1294 papal conclave

The 1294 papal conclave (23–24 December) was convoked in Naples after the resignation of Pope Celestine V on 13 December 1294. Celestine V had only months earlier restored the election procedures set forth in the papal bull Ubi periculum of Pope Gregory X, which had been suspended by Pope Adrian V in July 1276. Every papal election since then has been a papal conclave. It was the first papal conclave held during the lifetime of the preceding pontiff, an event not repeated until the papal conclave of 2013 following the resignation of Pope Benedict XVI.

Celestine V, founder of the Order of Celestines, widely esteemed and venerated for his holiness, was elected to the papacy on 7 July 1294, as a compromise choice after an over two-years long sede vacante. It quickly became clear that this saintly eremite was wholly incompetent and unsuited for a job as pope. Admitting his own incompetence soon after his election, Celestine expressed the wish to abdicate and return to his solitary cave in the Abruzzi Mountains. However, before doing so he issued two bulls. The first bull established the regulations concerning the abdication of a pope. The second bull (Quia in futurum, 28 September 1294) restored the constitution Ubi periculum, which established the papal conclave; the constitution had been suspended by Pope Adrian V in July 1276. During his short papacy, he also created 13 cardinals.[1] Eventually, on 13 December 1294, Celestine V abdicated the papacy at Naples,[2] three days after confirming the restoration of the institution of the papal conclave.[3]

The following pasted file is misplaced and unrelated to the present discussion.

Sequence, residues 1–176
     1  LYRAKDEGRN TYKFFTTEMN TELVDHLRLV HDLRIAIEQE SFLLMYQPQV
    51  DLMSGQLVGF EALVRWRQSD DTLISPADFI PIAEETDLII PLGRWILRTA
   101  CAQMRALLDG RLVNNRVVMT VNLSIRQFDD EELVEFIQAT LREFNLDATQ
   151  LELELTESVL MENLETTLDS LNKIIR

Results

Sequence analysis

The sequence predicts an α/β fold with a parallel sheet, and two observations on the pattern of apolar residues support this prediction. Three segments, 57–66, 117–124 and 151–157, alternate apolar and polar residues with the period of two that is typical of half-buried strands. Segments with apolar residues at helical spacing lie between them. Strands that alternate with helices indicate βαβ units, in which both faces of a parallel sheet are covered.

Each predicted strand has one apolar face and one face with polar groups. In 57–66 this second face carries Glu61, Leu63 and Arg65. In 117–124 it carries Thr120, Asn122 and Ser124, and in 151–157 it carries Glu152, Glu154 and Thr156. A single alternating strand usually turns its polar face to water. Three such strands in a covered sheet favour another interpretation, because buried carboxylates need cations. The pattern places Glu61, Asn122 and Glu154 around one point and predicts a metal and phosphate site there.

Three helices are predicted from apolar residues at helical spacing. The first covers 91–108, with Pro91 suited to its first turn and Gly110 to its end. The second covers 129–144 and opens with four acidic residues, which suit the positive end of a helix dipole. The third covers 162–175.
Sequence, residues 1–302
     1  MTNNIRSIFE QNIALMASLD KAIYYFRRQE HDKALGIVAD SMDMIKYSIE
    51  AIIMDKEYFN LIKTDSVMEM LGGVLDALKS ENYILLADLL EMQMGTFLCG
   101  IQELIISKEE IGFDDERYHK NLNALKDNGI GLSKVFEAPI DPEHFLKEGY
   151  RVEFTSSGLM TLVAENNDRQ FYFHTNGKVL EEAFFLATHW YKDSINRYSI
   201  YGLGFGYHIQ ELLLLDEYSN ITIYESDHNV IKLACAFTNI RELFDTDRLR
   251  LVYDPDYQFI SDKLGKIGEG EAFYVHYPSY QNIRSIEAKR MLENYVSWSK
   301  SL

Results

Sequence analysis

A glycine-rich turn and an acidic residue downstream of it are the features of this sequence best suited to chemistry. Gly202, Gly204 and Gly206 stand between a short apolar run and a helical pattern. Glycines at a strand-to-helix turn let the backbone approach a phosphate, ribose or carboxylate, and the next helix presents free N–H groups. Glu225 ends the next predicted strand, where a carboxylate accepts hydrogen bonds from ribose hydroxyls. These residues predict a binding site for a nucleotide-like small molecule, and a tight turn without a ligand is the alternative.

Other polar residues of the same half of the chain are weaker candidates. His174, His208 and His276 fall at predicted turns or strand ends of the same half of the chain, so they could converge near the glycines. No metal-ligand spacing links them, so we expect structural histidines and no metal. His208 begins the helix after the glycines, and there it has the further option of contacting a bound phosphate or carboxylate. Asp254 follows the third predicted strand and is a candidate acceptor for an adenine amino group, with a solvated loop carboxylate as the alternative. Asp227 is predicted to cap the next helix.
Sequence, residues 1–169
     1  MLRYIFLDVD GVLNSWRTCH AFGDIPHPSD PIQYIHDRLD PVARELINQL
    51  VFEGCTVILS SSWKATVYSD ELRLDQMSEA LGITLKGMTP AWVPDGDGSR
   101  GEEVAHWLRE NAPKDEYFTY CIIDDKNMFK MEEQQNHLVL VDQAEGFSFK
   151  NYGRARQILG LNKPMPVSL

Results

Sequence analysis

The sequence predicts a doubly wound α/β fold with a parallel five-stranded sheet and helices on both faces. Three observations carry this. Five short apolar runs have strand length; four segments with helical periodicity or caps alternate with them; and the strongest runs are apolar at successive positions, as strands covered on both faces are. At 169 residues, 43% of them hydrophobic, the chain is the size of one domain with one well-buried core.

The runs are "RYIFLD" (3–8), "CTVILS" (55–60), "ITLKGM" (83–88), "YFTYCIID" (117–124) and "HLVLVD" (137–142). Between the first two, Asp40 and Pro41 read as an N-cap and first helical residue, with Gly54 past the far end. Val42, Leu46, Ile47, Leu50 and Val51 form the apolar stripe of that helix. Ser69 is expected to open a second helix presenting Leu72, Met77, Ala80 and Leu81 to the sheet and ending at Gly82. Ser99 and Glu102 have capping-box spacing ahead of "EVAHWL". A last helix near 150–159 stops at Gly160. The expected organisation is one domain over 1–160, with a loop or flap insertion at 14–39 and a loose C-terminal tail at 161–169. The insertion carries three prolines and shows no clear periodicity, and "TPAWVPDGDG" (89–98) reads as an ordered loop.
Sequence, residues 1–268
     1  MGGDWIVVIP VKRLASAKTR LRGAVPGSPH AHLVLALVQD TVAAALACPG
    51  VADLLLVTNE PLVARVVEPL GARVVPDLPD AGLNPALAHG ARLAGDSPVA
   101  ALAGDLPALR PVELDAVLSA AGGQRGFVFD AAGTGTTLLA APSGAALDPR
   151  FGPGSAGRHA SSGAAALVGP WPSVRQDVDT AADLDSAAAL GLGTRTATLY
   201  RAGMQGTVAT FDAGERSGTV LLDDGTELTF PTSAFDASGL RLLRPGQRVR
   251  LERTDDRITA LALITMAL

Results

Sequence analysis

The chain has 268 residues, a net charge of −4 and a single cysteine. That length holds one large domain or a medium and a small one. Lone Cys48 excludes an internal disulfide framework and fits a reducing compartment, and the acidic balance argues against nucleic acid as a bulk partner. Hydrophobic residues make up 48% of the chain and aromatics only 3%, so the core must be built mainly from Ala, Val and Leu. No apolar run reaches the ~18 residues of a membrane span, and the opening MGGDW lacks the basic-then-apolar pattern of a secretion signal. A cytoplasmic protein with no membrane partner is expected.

It has been widely stated that the alleged great influence of the ambitious Cardinal Benedetto Caetani and the pressure he applied on Celestine V were important factors in Celestine's decision to abdicate, but it seems nearly as certain that it was an entirely voluntarily step of the Pope, with the role of Caetani limited to participation in the solution of the legal problems connected with the resignation of a pope. In particular, there were doubts whether a pope could resign at all, and who would be authorized to accept such a resignation.[4]

All 22 living cardinals participated in the conclave; 12 of them were created by Celestine V, five by Nicholas IV, two by Nicholas III, one by Urban IV and one by Honorius IV:[5]

On 23 December 1294, the cardinals assembled in the Castel Nuovo at Naples for the election of the successor of Celestine V. On the next day, Christmas Eve, Cardinal Benedetto Caetani received the required two-thirds majority and took the name of Boniface VIII. Caetani's nephew, who was an eyewitness, says that Caetani was elected after one scrutiny and an accessio: scrutinio accessioneque eligitur.[7] Soon after his election he returned to Rome, where on 23 January 1295 he received his episcopal consecration from Cardinal Hugh Aycelin, Bishop of Ostia.[8][9][a] He was crowned by Matteo Rosso Orsini, who was prior Diaconorum of the Sacred College.[10]